PICKERINGTON, Ohio (Oct. 22, 2021) —The AMA Motorcycle Hall of Fame offers its condolences to the family, friends and fans of Wes Cooley, a member of the Hall of Fame Class of 2004 who was a pioneering force behind the rising popularity of AMA Superbike racing in the 1970s and early ’80s. Cooley passed away on Oct. 16 at his home in Twin Falls, Idaho, after reportedly suffering complications from diabetes. He was 65.
Wester Steven Cooley was born in Los Angeles on June 28, 1956, and was a product of the Southern California roadracing scene. When he entered his first AMA Superbike Series event at Daytona International Speedway in March of 1976 on a Kawasaki KZ1000, he was a young, hard-charging rider who differed in several ways from the old-school roadracer mentality that had been the norm in the ‘60s and ‘70s.
Along with some of his 1970s contemporaries, Cooley helped change the face of the then-new Superbike class by stepping up the level of competition, eventually winning two AMA Superbike Championships in 1979 and 1980. He gave Suzuki its first AMA Superbike title in 1979.
In addition to his Superbike exploits, Cooley also made history by becoming the first rider to win an AMA Formula One National on a four-stroke.
Not only did Cooley become a racing icon in America, he was also a legend in Japan for winning the inaugural Suzuka 8-Hour Endurance race in 1978 and again 1980.
In May of 1985 at Sears Point Raceway, Cooley sustained life-threatening injuries in an ugly crash. Cooley made a slow but steady recovery from that horrible accident, and went on to teach in the Team Hammer Advanced Riding School for a few years, eventually earning a nursing degree and working as a medical professional in Idaho. When inducted into the Hall of Fame in 2004, he acknowledged that his 1985 accident is what propelled him into the medical field.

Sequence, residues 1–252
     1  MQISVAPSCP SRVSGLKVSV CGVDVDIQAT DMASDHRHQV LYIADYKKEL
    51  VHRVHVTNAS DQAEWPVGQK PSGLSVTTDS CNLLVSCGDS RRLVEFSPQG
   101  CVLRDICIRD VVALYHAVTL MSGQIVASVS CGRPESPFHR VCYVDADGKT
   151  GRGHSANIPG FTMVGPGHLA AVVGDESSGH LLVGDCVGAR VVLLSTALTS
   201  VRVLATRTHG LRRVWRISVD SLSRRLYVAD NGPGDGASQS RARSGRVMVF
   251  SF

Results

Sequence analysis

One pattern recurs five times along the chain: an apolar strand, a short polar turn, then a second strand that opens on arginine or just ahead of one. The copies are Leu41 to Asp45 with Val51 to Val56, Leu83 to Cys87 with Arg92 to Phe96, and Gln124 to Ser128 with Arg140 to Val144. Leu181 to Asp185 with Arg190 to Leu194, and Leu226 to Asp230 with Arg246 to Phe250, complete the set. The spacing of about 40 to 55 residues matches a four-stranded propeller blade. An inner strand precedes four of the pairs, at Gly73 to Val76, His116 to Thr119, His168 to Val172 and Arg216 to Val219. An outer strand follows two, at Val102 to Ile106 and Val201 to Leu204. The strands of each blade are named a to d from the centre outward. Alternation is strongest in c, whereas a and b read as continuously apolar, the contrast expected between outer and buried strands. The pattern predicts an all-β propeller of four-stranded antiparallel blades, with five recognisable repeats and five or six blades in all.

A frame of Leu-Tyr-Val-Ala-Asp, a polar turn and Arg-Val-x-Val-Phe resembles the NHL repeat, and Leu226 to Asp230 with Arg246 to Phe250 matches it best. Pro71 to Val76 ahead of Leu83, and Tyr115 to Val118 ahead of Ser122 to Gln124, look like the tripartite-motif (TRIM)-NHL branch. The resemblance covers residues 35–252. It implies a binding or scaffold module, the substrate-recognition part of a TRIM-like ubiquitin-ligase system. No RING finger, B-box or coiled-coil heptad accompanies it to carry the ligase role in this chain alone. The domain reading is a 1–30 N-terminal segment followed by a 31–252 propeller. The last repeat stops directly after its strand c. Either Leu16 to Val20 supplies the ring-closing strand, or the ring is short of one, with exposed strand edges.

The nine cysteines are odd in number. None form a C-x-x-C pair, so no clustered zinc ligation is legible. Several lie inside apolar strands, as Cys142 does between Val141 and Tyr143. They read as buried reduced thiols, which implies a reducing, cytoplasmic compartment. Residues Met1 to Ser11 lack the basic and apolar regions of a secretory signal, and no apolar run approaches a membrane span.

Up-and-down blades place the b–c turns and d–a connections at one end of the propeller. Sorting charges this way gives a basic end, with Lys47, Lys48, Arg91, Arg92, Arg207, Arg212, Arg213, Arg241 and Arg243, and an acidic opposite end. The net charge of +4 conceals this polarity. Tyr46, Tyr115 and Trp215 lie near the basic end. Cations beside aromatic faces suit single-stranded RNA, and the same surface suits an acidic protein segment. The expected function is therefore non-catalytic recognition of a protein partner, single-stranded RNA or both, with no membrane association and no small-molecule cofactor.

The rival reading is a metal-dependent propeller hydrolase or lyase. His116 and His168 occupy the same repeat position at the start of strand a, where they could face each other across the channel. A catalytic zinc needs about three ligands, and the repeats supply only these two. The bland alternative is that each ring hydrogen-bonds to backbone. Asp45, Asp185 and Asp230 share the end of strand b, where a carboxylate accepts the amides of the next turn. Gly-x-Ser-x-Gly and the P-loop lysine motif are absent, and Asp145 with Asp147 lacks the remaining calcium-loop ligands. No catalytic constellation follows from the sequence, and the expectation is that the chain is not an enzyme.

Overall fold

Cooley will always be remembered for changing the face of AMA Superbike racing in its formative years, but he was also a fan favorite throughout his racing career, a guy who always took the time to connect with fans.
In 2016, Cooley served as Grand Marshal for the AMA’s Vintage Motorcycle Days and drew an expansive crowd.
Cooley is survived by Melody Rose, his partner of many years, along with son Wes Jr. and daughter Alexis.
Look for an in-depth feature about Wes Cooley’s life and career — and the tremendous contributions he made to the sport — coming soon on americanmotorcyclist.com and in American Motorcyclist magazine.